Bradley Walsh health: Why The Chase presenter has to keep an eye on his health
Bradley Walsh is a family man with a great career. But, unfortunately for him, it was his health condition that got people talking. What was it?
“So many times, people have commented on [how I look],” revealed Bradley on Loose Women back in 2017.
“I have to take [one pill] a day for it or I really struggle,” he continued.
So, what is it? What’s wrong with Bradley’s health?
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“People don’t realise I have seriously bad blepharitis,” he confirmed.
What is blepharitis?
The NHS states: “Blepharitis causes red, swollen and itchy eyelids.”
Not the best look on camera – how common is it?
Supersavers state it’s a fairly common condition, “accounting for one in every 20 eyes problems reported”.
The optical retail chain lists the symptoms of blepharitis as the following:
- Itchy and sore eyelids
- Eyelids that stick together and are difficult to open, particularly when you wake up
- Eyelashes that become crusty or greasy
Supersavers adds it’s more common in people over the age of 40.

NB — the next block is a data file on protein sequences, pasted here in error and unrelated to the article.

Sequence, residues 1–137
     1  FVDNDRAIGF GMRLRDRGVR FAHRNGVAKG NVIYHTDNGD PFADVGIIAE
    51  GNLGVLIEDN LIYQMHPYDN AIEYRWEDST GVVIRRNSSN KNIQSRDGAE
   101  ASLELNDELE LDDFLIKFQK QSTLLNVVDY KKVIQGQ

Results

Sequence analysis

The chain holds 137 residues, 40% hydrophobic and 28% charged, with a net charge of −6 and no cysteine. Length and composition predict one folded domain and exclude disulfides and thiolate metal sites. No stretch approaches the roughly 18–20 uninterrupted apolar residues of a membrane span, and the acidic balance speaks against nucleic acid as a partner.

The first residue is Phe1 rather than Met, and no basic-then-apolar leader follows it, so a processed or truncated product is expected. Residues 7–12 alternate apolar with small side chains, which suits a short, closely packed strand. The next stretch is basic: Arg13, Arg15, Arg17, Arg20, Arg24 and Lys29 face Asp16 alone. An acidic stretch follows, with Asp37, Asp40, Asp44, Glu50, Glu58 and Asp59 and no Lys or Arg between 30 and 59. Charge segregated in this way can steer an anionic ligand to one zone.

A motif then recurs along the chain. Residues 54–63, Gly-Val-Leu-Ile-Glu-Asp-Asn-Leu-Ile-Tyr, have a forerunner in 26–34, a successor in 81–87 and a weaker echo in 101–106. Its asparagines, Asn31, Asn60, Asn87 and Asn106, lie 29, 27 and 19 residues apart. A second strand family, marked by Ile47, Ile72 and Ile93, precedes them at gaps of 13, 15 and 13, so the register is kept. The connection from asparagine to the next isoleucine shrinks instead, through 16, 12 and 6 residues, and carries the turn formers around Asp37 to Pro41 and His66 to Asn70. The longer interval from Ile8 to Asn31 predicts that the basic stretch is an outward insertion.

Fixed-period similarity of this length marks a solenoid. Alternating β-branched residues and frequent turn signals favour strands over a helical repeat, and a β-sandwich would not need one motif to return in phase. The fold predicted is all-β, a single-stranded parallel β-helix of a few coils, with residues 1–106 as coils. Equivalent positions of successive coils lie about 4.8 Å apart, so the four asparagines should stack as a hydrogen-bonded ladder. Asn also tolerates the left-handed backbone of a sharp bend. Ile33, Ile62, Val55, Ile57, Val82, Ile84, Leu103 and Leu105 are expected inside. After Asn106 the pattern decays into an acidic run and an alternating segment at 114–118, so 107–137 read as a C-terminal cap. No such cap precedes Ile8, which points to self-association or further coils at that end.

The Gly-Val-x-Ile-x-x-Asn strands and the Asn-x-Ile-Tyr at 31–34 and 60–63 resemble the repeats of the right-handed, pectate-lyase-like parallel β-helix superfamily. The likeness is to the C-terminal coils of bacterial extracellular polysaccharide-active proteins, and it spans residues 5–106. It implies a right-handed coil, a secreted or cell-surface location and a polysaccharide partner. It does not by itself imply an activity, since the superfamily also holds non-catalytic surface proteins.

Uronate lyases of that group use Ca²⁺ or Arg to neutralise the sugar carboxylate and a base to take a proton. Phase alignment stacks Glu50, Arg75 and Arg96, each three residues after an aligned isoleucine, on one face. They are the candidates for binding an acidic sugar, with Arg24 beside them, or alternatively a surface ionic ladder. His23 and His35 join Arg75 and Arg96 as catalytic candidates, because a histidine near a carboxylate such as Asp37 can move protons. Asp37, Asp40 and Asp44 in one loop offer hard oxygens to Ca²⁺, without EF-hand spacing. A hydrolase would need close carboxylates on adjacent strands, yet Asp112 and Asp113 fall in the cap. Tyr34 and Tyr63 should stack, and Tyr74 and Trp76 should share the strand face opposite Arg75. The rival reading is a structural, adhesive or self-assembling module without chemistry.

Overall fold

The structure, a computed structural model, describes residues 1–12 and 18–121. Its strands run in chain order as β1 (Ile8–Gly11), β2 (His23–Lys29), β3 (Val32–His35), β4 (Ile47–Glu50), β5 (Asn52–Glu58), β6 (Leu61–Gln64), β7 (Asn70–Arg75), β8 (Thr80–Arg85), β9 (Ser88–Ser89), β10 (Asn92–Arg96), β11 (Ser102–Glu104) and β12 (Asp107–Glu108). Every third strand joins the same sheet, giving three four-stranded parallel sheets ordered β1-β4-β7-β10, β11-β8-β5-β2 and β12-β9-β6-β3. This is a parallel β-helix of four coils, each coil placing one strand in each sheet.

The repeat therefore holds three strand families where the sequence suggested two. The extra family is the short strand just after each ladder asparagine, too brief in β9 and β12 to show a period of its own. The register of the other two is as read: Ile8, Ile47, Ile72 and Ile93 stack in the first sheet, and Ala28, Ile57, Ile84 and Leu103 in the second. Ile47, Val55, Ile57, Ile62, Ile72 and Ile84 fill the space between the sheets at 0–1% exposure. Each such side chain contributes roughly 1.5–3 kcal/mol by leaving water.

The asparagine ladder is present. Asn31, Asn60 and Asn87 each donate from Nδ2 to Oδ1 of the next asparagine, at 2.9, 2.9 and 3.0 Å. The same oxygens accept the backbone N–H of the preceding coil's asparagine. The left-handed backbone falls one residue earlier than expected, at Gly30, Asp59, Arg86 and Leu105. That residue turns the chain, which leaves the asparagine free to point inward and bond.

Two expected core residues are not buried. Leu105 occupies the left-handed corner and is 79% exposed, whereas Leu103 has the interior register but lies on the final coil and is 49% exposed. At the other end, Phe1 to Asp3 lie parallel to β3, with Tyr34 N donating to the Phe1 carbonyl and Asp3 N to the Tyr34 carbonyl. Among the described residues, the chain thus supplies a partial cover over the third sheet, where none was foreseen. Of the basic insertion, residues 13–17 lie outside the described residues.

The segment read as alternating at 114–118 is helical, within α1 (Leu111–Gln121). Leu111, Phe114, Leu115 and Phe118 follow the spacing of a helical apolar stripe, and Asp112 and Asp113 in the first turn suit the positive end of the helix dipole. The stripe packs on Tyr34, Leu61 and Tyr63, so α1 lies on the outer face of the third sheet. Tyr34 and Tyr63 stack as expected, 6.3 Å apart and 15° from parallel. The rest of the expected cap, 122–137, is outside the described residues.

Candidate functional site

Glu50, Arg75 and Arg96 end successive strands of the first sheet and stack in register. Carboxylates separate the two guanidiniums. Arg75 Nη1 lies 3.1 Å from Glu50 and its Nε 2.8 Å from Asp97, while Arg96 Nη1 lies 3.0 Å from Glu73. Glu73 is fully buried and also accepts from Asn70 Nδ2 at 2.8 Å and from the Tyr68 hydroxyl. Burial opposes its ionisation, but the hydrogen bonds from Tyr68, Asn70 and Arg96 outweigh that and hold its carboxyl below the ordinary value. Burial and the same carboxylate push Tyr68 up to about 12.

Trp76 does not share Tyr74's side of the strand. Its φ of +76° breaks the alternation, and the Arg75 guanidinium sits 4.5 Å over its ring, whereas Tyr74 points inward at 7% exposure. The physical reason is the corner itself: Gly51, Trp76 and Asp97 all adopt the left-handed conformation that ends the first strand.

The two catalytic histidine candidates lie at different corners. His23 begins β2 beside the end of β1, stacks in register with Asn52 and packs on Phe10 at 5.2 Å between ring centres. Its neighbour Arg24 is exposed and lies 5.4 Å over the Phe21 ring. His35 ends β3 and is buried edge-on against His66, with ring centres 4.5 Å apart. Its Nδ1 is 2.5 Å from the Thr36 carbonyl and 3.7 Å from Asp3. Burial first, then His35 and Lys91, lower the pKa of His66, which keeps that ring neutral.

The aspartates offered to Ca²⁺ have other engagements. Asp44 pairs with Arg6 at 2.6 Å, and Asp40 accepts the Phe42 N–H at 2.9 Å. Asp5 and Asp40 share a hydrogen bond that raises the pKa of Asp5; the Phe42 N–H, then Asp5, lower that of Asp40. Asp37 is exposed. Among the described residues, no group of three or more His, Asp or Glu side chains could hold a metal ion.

“I’m going to need my eyes operated on at some point to sort it out,” fretted Bradley.
But, according to Supersavers the condition “can’t be cured”.
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“So many times, people have commented on [how I look]. But they don’t realise. If I take [medication] though, I’m fine,” Bradley insisted.
Supersavers states: “A daily eyelid-cleaning routine that involves applying a warm compress – gently massaging your eyelids and wiping away any crusts – can help control the symptoms.
“Medicated wipes and solutions are very effective in controlling the condition.”
It adds that severe cases – such as Bradley’s – may require antibiotics.
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It’s fairly common for blepharitis to develop in those over the age of 40.
And the eye condition can lead to further health problems, such as dry eye syndrome.
This can cause the eyes to feel dry, gritty and sore.
Any serious, sight-threatening problems rarely develop from blepharitis.
Most people with blepharitis experience repeated episodes separated with periods without any symptoms.
To keep an eye on your health, visit an optometrist every two years.
However, if you think your vision is suffering, don’t delay any longer – making an appointment is so easy, it can even be done online.
To book an eye test visit your local opticians.
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